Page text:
Michael Eriksson's Blog

A Swede in Germany

Quitting the VDE / Follow-up: My experiences with professional associations and similar groups / Follow-up: A few thoughts on English and German language choices around men and women

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I have previously written both about my disappointing experiences with professional associations and similar groups ([1]) and absurd PC language in Germany (e.g. [2]; and, obviously, a number of texts on English PC language).

As I wrote in [1]:

VDE: So far, knock-on-wood, the least disappointing organization and the only one where I am still a member. There are some VDI-like tendencies, but they are nowhere near as strong and there is much more of the engineer mentality I found wanting at VDI.

I have now decided to terminate my membership in VDE, too. This partially for the simple reason that I have switched careers,* but also due to a growing disappointment with the quarterly membership magazine (“VDE Dialog”). About a year ago, in particular, an edition (04/2019) had a great focus on the environment or the climate, which forewent a scientific and “engineery” approach in favor of Greta-Thunberg-style populism and superficiality. One interview spoke derogatorily of nuclear power; and no-one from the VDE spoke in its defense. To my recollection, nuclear power found no serious mention or discussion—remarkable for a magazine/organization ostensibly targeted at electrical engineers.

*This is a German organization for electrical engineers and members of related professions. Even as an IT consultant, I was stretching it; as a writer of novels, I am wasting my of money.

I wrote a letter pointing this out, and also noting that articles were mostly written by non-engineers, including various freelance journalists. I suggested improvements, including that the set of authors be switched to people with a deeper scientific and technical understanding, and that VDE should remember the typical qualification level and field of the readers—a master degree in a STEM field being a typical education.

This letter has so far remained unanswered* and the situation has not improved.

*Not counting a generic remark in the next edition that there had been a large amount of feedback, both positive and negative, on the topic. Reading between the lines, I suspect that there was a considerable amount of criticism.

The latest edition (04/2020) again addresses environmental topics. The result was similar, including a great emphasis on hydrogen as fuel, but nothing or next to nothing on nuclear power.

It also has a 16-page special on “Corona”, with a similar superficiality and lack of probing and understanding—starting with the abuse of “Corona” for the COVID pandemic: the Corona-family is not a one-virus thing and many (most?) infections are indisputably trivial, e.g. as one of the leading causes behind the common cold. Hitler came from Austria, but not all Austrians are Hitler; SARS-CoV-2 is a Corona virus, but not all Corona viruses are SARS-CoV-2.

However, what really pissed me off, and where we have the connection between the two topics*: One article used “Nutzerinnen und Nutzer” (“[female] users and [male] users”), with a footnote claiming “In der Folge verwenden wir aus Gründen der besseren Lesbarkeit nur die weibliche Form.” (“In the following, for better readability, we only use the female [sic!] form.”) …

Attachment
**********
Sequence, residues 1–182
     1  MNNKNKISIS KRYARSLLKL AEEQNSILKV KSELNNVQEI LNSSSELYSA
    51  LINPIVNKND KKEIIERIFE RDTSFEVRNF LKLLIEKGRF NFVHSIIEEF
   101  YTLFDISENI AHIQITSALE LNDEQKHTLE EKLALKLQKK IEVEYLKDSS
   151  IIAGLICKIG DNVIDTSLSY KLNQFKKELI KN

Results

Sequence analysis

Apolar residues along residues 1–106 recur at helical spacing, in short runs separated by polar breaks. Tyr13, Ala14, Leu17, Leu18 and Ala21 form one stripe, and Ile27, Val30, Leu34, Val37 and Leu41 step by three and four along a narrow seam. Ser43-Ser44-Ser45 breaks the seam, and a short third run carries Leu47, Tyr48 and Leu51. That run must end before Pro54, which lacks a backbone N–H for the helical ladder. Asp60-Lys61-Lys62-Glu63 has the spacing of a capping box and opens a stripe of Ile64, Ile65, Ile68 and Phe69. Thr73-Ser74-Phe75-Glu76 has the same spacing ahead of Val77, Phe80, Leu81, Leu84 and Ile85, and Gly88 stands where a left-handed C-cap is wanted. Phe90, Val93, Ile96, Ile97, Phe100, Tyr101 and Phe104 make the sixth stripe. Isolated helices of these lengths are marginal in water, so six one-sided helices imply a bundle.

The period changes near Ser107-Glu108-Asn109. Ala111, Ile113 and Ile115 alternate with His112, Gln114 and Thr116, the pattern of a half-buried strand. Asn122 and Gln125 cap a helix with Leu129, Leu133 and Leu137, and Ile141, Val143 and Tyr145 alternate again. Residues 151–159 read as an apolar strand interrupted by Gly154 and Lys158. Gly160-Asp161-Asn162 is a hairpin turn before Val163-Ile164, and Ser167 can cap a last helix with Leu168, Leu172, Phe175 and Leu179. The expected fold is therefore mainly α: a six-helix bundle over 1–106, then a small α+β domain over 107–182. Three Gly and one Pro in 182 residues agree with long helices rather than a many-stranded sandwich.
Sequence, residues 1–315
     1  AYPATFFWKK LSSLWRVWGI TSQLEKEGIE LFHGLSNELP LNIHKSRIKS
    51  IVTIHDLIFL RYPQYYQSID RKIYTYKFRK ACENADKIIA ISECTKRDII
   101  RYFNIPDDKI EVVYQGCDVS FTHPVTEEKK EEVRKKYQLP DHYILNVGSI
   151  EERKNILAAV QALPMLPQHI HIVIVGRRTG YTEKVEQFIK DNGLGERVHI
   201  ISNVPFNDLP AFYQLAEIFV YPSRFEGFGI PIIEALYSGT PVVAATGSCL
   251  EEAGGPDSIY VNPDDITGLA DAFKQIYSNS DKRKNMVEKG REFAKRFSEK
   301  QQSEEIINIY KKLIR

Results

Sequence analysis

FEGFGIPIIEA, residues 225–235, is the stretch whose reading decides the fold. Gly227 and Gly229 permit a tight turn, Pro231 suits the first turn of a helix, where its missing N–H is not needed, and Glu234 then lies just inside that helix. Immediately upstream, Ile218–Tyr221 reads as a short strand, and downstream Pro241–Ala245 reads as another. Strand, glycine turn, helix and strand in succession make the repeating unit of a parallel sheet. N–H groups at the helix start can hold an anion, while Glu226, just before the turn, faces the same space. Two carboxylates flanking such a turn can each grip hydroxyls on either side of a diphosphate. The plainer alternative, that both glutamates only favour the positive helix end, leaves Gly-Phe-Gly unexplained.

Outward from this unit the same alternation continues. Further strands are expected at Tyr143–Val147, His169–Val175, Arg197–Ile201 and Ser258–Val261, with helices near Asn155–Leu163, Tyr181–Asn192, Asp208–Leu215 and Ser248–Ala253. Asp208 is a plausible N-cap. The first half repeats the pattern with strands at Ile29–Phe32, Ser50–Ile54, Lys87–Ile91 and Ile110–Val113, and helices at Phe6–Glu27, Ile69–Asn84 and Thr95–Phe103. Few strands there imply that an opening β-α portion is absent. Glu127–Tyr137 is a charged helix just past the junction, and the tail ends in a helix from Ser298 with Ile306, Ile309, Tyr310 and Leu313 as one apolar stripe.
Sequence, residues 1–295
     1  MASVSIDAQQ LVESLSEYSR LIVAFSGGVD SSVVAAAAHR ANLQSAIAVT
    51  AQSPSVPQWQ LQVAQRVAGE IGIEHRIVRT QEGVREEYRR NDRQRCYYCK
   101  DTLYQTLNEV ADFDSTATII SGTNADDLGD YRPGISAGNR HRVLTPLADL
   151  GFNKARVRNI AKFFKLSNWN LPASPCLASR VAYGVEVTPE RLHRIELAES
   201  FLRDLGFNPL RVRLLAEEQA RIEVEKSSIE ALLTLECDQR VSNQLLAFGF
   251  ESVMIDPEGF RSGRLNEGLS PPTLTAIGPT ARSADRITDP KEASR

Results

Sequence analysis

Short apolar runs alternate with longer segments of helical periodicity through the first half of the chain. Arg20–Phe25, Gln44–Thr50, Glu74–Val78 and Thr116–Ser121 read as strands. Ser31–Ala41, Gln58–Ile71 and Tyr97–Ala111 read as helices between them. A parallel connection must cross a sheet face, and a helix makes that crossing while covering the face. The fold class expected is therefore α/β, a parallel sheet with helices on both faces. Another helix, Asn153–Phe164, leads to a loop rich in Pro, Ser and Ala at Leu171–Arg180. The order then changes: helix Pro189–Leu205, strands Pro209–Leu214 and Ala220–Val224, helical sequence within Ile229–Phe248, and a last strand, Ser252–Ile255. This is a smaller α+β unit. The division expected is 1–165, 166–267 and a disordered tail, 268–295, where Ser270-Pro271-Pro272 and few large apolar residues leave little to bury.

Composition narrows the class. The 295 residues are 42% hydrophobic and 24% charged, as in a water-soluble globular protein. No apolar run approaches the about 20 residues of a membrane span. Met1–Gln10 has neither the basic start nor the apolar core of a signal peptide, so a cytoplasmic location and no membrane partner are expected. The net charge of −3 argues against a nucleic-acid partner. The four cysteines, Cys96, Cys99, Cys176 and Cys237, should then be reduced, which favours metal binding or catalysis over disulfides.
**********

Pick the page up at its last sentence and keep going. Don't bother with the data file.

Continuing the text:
*I recommend reading [2] before continuing. Search for “Then Germany:”, if you want to get to the point faster.

So: First the article unnecessarily uses “Nutzerinnen” together with the epicene* “Nutzer”, despite the extreme awkwardness of the phrase—and then it tries to remedy the situation by exclusively using the non(!)-epicene female-only form. Idiotic beyond belief and proving a complete ignorance of language and contempt for the readers. (Who, again, are typically highly educated STEM professionals—not brainwashed snowflakes trying to complete a degree in gender-studies without being expelled for wrongspeak or wrongthink.)

*Roughly, a word which can include both biological sexes irrespective of its own grammatical gender, something very common in German. Here, “Nutzer” (without “Nutzerinnen”) would almost always have been taken to imply both male and female users, just like the English “users”.

The typical motivation for this PC nonsense is to not make readers feel “excluded”. The solution to this largely imaginary problem, here, was to remove a form that any native and rational German* would see as inclusive of both sexes, and to use a form that any native and rational German would see as excluding men, barring an explicit statement to a contrary intent. Consider e.g. a U.S. talent agency saying “we represent actresses and actors, but in the rest of this advert, we will speak of actresses to keep things simple”—where no-one (sane) would have raised even half an eye-brow had the text originally just said “we represent actors” and would almost certainly have expected “we represent male actors”, if the contrary was intended.

*Sorry, “Germanin or German”.

To boot, “Nutzerinnen” is about twice as long as “Nutzer”, which reduces readability, and the original order (“Nutzerinnen und Nutzer”) is flawed, as discussed in [2].

VDE is exactly the type of organization which should take a clear stand against this type of anti-intellectual and contemptuous PC nonsense. It is also exactly the type of organization that should speak out for a scientific approach to climate issues, not populist FUD—which includes an objective and neutral take on nuclear power.


Written by michaeleriksson

October 25, 2020 at 9:56 pm

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